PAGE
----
Natural Resources

We took the last couple of weeks off.

I had a plan for a road trip on the island of Java, which was unfortunately foiled by the local COVID testing requirements. It looked like I was going to need to get tested again before I could get on the ferry to come home, and there’s a shortage of test kits in East Java, so I was at risk of getting stranded out there. That was a non-starter.

So instead I did a road trip on the island of Bali! We already posted the full story, but in the interest of brevity I wanted to jump straight to a conclusion here.

The Balinese economy has been devastated by COVID. Something like 80% of it was driven by tourism, and that’s just gone. Just TRY to come to Bali right now… if you aren’t already in Indonesia, you’re out of luck.

A lot of the more interesting destinations on the island are pretty remote. I visited a couple of them over the weekend, and they were WAY off the road! In each case, some enterprising villagers had hacked an opportunity out of raw triple-canopy jungle.

In one case, a manicured garden cafe took a 45-min trek across three rattan bridges to reach. Imagine keeping that place resupplied!

In another, somebody had cut a sturdy staircase through the jungle down a mountain ravine through over a THOUSAND feet of vertical elevation, complete with steel railings and lamp-posts. It was epic!

But here’s the thing: there are a lot of places like that on Bali. And even pre-COVID, there is a limit to the number of people who are going to REACH those places. If you’ve watched my videos, you get it: a tour bus isn’t gonna make it.

So here’s the truth: nobody was EVER going to get rich on the Golden Valley Eco Cafe or the epic staircase at Juwuk Manis. The numbers NEVER added up. By any rational economic analysis, those things never should have been built.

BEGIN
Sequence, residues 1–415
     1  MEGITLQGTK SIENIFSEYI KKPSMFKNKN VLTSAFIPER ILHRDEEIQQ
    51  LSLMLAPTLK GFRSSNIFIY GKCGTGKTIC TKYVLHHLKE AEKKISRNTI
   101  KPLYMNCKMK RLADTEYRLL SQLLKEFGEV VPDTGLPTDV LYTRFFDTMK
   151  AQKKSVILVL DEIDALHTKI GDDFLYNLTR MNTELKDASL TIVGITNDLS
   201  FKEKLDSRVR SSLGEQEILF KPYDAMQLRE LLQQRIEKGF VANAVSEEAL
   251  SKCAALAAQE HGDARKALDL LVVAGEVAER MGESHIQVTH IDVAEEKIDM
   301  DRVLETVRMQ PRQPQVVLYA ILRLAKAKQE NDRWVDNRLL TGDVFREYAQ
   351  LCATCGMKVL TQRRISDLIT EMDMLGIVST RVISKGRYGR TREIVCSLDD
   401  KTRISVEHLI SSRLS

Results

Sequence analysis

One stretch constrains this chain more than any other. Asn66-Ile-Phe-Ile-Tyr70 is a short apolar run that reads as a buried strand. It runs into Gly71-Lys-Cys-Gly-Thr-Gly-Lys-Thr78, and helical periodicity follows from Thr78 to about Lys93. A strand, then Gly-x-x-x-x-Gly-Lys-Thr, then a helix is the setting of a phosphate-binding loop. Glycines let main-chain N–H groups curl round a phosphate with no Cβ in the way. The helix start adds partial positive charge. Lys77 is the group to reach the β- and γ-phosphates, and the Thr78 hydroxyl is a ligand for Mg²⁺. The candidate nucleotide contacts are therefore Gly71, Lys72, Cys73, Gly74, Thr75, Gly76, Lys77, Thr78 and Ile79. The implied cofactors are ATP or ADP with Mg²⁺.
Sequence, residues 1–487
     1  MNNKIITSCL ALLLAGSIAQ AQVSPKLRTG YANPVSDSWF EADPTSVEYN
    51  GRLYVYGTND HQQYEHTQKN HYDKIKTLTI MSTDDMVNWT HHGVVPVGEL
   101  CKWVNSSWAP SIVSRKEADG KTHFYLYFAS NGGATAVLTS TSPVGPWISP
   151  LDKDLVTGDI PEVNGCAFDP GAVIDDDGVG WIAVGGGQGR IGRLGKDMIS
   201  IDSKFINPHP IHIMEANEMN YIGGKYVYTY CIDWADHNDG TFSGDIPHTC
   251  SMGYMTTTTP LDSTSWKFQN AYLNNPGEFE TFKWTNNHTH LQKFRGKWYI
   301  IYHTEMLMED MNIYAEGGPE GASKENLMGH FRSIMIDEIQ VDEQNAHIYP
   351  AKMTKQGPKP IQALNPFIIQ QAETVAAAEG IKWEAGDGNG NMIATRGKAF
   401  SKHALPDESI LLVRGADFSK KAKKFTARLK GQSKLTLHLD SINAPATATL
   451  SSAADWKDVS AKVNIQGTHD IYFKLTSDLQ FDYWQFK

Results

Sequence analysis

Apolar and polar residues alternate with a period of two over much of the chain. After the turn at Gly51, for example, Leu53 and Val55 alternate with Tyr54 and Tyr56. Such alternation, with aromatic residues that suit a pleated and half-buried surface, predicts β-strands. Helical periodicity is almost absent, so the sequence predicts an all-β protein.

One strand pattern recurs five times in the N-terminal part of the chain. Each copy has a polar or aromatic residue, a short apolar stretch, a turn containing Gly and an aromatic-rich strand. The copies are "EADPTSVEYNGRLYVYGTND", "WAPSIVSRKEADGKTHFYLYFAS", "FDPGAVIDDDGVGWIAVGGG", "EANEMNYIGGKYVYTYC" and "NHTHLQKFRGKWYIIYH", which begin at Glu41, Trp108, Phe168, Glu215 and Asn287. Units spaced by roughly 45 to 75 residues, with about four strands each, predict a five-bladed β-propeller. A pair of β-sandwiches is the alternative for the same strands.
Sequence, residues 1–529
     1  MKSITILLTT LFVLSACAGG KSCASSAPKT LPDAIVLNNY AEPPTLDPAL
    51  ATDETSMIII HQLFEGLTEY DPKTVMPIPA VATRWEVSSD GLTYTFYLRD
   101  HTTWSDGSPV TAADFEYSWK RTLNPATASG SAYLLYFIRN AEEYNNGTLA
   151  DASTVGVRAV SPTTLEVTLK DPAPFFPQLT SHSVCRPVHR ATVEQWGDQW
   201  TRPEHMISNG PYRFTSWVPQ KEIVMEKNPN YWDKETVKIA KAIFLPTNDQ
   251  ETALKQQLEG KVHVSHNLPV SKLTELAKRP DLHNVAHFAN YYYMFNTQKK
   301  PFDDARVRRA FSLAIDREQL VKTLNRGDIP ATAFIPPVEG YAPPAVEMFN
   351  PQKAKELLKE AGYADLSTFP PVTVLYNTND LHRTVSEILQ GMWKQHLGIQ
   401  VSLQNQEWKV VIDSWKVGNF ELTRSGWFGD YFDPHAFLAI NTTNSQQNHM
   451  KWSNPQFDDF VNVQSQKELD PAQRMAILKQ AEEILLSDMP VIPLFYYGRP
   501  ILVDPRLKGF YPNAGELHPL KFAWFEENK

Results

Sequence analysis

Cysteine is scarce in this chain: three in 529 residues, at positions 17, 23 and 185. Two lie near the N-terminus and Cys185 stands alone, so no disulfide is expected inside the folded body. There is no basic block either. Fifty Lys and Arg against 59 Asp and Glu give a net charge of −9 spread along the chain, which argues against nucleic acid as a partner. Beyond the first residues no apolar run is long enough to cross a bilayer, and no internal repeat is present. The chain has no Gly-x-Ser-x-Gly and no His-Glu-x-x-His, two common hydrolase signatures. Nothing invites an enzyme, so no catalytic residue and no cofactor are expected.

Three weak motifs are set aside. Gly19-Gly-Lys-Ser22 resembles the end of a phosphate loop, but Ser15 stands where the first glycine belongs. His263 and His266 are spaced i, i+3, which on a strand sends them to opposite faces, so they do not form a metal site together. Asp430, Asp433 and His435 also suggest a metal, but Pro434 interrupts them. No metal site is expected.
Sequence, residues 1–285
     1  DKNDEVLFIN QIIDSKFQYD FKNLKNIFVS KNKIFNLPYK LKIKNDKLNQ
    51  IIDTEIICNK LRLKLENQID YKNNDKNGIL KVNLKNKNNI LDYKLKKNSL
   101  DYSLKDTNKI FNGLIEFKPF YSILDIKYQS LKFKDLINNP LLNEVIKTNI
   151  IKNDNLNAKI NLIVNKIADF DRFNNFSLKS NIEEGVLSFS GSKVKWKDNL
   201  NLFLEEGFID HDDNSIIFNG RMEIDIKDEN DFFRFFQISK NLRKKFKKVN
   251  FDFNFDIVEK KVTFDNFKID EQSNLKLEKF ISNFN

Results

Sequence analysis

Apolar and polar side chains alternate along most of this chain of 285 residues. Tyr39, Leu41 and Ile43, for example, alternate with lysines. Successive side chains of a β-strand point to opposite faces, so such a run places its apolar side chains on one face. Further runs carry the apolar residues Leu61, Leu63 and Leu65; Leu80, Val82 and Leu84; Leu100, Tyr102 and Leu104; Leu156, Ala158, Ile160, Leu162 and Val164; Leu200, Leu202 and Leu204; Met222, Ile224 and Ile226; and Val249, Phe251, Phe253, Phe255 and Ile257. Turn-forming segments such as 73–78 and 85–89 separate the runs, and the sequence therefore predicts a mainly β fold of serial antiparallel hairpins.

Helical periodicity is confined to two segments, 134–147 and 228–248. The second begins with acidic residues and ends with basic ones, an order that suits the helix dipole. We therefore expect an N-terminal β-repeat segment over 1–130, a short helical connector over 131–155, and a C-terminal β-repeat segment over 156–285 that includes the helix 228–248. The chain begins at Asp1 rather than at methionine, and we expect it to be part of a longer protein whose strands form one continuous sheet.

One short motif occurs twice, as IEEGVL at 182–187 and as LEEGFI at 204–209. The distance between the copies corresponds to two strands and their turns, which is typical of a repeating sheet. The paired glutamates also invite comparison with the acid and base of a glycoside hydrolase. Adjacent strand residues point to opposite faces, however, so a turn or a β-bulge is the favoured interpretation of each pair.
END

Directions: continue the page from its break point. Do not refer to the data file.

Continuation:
Yet they were. And I’d just like to point out here that for every sober accountant providing “adult supervision” to an audaciously risky project, there is a wild-eyed dreamer who is driven by a vision and will roll up his sleeves and hack that staircase out of the jungle FOR FREE if necessary because he just can’t abide living in a world where that thing was not built.

Without that adult supervision, most of the dreamers will fail. Lord knows I have! But without the DREAMERS—willing to spend themselves hollow in pursuit of vision—we are all diminished.

I think the compulsion to pursue a vision at any cost is a natural resource as rare and precious as any of these treasures here on Bali. The challenge is in bringing it to market.

If you HAVE it: find yourself an adult to supervise you and then get back to work. And if you FIND it… appreciate it and enjoy the ride!

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